-- Kevin Patra

  1. What does a Kevin Stefanski offense look like? The sample size is limited, but Minnesota's newly anointed play-caller gave coach Mike Zimmer what he asked for right away, as the backfield pairing of Dalvin Cook and Latavius Murray rotated touches on a super-crisp opening drive capped by a 13-yard scoring strike from Kirk Cousins to Stefon Diggs. That doubled as an effective tone-setter as the run-happy Vikings gashed Miami for 220 rushing yards while Cook piled up 88 total yards in the first quarter alone en route to a brilliant 20-touch, 163-yard, two-score afternoon in a must-win affair for the Vikings. A killer mistake by Cousins -- we'll get to that below -- helped the Dolphins chip away at a 21-0 Minnesota lead, but the Vikings worked through their issues to steamroll Miami for 418 total yards in a must-win affair.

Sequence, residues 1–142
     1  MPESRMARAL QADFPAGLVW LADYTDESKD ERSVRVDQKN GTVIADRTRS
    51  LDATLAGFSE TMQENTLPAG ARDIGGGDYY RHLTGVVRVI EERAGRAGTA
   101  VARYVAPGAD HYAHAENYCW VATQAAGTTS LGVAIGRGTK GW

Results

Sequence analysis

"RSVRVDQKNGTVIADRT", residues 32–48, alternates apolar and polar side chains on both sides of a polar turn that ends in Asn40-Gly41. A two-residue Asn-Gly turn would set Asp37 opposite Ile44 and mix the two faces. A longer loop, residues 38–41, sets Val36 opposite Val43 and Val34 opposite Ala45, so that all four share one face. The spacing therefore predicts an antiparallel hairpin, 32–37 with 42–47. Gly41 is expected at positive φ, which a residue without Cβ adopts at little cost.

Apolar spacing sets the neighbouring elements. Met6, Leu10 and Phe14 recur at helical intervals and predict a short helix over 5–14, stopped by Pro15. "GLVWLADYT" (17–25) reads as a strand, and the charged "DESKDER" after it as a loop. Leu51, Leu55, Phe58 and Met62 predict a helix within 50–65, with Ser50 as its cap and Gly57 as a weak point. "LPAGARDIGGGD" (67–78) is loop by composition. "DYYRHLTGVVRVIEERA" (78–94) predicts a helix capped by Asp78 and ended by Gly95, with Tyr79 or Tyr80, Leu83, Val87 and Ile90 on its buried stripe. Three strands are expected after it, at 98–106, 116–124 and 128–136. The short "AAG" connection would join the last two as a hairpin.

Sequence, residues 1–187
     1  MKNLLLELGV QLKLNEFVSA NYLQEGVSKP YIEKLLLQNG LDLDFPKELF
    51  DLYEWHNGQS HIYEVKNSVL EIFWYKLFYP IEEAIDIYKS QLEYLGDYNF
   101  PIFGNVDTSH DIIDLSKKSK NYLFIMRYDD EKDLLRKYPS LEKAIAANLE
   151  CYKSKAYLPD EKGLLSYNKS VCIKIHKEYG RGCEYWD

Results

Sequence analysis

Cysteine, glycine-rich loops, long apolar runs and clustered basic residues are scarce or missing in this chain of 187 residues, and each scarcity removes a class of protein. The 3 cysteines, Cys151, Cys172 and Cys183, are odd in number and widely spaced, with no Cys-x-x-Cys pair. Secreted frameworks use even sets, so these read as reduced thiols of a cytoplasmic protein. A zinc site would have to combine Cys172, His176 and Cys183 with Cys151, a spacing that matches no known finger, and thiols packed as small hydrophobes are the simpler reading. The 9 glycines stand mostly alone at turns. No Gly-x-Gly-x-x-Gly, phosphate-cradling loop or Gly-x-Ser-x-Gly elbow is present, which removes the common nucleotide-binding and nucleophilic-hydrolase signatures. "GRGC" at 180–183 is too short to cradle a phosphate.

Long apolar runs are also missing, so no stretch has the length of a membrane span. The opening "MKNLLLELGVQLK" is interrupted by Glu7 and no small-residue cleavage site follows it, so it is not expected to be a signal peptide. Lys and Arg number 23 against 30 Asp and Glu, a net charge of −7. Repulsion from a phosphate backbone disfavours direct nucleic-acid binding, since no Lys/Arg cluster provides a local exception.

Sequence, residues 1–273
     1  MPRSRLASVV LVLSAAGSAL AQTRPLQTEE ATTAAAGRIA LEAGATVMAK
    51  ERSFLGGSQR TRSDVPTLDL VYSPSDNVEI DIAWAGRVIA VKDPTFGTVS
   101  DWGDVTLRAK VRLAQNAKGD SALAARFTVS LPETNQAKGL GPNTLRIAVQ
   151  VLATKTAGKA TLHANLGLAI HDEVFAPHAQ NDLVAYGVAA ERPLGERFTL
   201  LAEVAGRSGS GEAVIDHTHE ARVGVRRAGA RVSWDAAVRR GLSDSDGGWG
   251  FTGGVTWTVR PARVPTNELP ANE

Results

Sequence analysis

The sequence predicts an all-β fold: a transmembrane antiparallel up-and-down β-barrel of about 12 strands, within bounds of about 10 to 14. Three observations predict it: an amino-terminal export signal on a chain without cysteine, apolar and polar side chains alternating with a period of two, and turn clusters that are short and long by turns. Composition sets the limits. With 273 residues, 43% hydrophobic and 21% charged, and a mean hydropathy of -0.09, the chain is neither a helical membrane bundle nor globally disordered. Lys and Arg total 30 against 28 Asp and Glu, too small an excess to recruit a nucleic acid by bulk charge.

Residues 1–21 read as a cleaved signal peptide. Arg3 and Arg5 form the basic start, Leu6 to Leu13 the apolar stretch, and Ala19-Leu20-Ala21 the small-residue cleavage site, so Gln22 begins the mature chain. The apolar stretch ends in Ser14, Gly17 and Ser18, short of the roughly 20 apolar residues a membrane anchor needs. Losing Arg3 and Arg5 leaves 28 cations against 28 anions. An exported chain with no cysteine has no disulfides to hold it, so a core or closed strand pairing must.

1. The glow of the "Miami Miracle" failed to follow the 'Fins to Minnesota as this AFC hopeful looked utterly lost out of the gate before losing Frank Gore to an ankle injury. Miami at one stage had 15 total plays to Minnesota's 15 first downs, but the game shifted when rookie safety Minkah Fitzpatrick took a Cousins pick 50 yards for a score. First-year runner Kalen Ballage spun hope and masked the loss of Gore with a stunning 75-yard scoring gallop to open the third quarter, but too many drives went nowhere as Ryan Tannehill was tossed about like Raggedy Ann for an outrageous nine sacks against a dazed-and-confused Miami line. Going a putrid 2 for 12 on third down with just 193 total yards and no pass catcher topping 30 yards through the air, Sunday was another reminder these Dolphins just aren't the same team on the road.